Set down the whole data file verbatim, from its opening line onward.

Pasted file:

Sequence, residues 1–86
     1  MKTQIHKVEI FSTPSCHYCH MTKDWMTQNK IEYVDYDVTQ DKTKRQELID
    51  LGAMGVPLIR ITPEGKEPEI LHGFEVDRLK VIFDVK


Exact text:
Sequence, residues 1–86
     1  MKTQIHKVEI FSTPSCHYCH MTKDWMTQNK IEYVDYDVTQ DKTKRQELID
    51  LGAMGVPLIR ITPEGKEPEI LHGFEVDRLK VIFDVK